It's often said you can tell a lot about a person from their shoes, but it's also true of dudes and the length of their shorts. A 5-inch inseam is for kings who know how to have a good time, while a 7-inch denotes someone who, although affable enough company, is kinda narc-y. Go beyond those zones and you're in red flag territory — usually, you'll find anything longer is favored by clowns who still listen to early '00s nu-metal and watch WWE.

But wait, could this until now infallible measuring stick soon be obsolete? In summer 2020, there's no doubt the short short reigned supreme as fellas proudly displayed months of leg day torture by showing more thigh than ever before. Taking that into account, the trend ouroboros would dictate we're about to come full circle, wearing the kind of kneecap-skimming shorts that once were the reserve of Fred Durst and co. How, dare I say it, ironic! Strangely, a certain Argentinian is already ahead of the curve.

Lionel Messi is no Hector Bellerin or Serge Gnabry when it comes to sartorial matters. In fact, Messi is so profoundly anti-fashion, it's as if he sees clothing as some kind of regrettable necessity (remember, this is a man who turned up to meet the president of Gabon "dressed like he were going to a zoo").

Messi is pure business, obsessed with football to the point his apartment probably consists of one solitary chair on which he sits, eyes closed, and thinks about scoring goals, like a hitman mentally actualizing future kills. Or so we thought. Recently, we've noticed a development where the Barcelona number 10 has been taking to the pitch wearing huge, kinda hilarious, voluminous shorts. The type that makes his previous oversized fits look tailored, by comparison.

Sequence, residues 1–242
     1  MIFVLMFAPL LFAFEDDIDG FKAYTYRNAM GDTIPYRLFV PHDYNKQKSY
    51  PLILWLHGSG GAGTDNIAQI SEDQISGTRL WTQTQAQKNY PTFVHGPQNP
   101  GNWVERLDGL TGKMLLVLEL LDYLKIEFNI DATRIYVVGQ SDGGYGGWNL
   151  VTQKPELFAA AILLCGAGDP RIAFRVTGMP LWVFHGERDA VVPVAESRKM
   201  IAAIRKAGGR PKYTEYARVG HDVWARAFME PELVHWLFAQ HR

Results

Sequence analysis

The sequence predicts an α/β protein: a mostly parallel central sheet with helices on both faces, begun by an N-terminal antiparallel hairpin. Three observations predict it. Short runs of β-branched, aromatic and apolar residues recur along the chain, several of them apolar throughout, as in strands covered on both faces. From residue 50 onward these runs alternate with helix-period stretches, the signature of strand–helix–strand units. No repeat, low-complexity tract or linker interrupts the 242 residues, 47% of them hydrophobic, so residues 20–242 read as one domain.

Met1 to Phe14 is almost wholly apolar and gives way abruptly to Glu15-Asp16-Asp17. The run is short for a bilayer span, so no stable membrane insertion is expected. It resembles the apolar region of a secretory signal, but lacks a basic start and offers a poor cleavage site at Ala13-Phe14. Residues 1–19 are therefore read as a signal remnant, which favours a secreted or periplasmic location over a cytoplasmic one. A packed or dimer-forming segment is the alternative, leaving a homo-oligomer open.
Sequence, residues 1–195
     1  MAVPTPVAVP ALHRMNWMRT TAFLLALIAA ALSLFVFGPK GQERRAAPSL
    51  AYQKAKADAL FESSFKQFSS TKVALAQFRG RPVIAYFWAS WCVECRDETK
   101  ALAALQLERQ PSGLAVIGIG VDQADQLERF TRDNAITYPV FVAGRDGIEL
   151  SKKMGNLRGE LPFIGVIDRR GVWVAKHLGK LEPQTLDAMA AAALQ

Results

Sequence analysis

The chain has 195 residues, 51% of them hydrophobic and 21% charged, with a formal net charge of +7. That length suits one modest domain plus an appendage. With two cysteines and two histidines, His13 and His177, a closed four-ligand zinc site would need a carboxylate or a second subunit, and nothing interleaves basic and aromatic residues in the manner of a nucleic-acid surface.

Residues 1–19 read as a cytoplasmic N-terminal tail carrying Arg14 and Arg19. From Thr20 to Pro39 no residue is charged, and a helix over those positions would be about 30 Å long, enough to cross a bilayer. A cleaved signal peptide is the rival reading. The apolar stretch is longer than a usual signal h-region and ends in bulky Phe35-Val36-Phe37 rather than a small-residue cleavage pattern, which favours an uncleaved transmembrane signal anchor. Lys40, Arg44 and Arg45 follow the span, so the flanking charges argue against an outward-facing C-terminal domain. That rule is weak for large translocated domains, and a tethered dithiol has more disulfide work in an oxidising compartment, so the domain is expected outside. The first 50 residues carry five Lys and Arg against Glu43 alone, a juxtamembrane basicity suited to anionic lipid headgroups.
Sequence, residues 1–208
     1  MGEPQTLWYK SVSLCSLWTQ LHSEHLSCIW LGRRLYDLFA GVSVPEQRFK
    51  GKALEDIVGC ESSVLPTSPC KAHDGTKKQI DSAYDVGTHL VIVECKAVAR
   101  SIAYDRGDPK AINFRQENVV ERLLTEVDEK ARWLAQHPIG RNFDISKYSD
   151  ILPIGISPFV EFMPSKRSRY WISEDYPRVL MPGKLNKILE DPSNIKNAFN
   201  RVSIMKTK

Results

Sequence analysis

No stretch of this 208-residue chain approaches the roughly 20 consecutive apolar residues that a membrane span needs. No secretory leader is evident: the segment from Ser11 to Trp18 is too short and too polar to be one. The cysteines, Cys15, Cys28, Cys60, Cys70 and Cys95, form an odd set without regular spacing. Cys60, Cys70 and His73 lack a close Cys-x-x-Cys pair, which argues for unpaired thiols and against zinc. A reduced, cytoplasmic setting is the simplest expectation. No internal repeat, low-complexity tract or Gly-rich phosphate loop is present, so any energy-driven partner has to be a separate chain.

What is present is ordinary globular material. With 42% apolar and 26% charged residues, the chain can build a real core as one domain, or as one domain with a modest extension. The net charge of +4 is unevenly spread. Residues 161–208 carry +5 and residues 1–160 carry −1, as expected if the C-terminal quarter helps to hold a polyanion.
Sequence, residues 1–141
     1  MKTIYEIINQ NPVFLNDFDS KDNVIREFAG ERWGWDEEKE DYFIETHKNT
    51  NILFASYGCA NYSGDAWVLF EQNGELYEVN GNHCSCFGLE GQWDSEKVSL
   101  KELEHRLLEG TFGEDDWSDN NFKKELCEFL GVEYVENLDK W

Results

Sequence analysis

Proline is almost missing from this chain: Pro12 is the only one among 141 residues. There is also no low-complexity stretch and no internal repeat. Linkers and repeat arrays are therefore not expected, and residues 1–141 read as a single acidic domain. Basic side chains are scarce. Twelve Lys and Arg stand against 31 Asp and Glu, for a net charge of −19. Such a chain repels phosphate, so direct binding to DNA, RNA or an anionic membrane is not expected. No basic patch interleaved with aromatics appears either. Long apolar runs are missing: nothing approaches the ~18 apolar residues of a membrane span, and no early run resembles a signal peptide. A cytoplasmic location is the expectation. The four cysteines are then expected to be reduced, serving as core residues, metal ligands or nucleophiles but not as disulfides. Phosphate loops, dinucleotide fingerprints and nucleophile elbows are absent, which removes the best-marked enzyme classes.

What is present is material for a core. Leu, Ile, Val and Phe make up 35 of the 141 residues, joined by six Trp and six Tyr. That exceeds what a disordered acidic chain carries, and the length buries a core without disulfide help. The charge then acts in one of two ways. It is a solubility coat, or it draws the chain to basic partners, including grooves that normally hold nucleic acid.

The reasons as to why Messi sizes up is unclear, but is most probably related to performance and comfort rather than aesthetics. Still, the fashion set has been on the big shorts vibe for well over a year now — remember those now legendary shorts that Frank Ocean wore on the cover of 032c back in 2018? Numerous labels have dabbled since, with highlights coming from Issey Miyake (their wildly popular Homme Plissé bangers were surely the unofficial shorts of 2019) and the likes of Prada. Dior's Resort 2021 menswear collection was full of big shorts, styled with loafers for a look that made the often woeful combination of formal and sportswear actually tick.

Pants are getting bigger all the time — see this year's flared runway looks from Raf Simons, Celine, and Martine Rose — so it makes sense that their younger, less celebrated sibling would follow a similar suit. Big shorts aren't for the every-day, but there are certain occasions and fits, particularly in late shorts and hoodie season, where having that extra fabric feels right. The wave might not have caught fire yet, but surely it's a matter of time. Is there anything Lionel Messi can't do?

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